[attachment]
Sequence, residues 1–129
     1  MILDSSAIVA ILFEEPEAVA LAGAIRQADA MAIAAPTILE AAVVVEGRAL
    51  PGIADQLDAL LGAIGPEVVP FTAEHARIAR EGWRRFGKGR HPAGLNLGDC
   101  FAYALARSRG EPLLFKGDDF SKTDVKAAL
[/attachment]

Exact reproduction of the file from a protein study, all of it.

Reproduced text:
Sequence, residues 1–129
     1  MILDSSAIVA ILFEEPEAVA LAGAIRQADA MAIAAPTILE AAVVVEGRAL
    51  PGIADQLDAL LGAIGPEVVP FTAEHARIAR EGWRRFGKGR HPAGLNLGDC
   101  FAYALARSRG EPLLFKGDDF SKTDVKAAL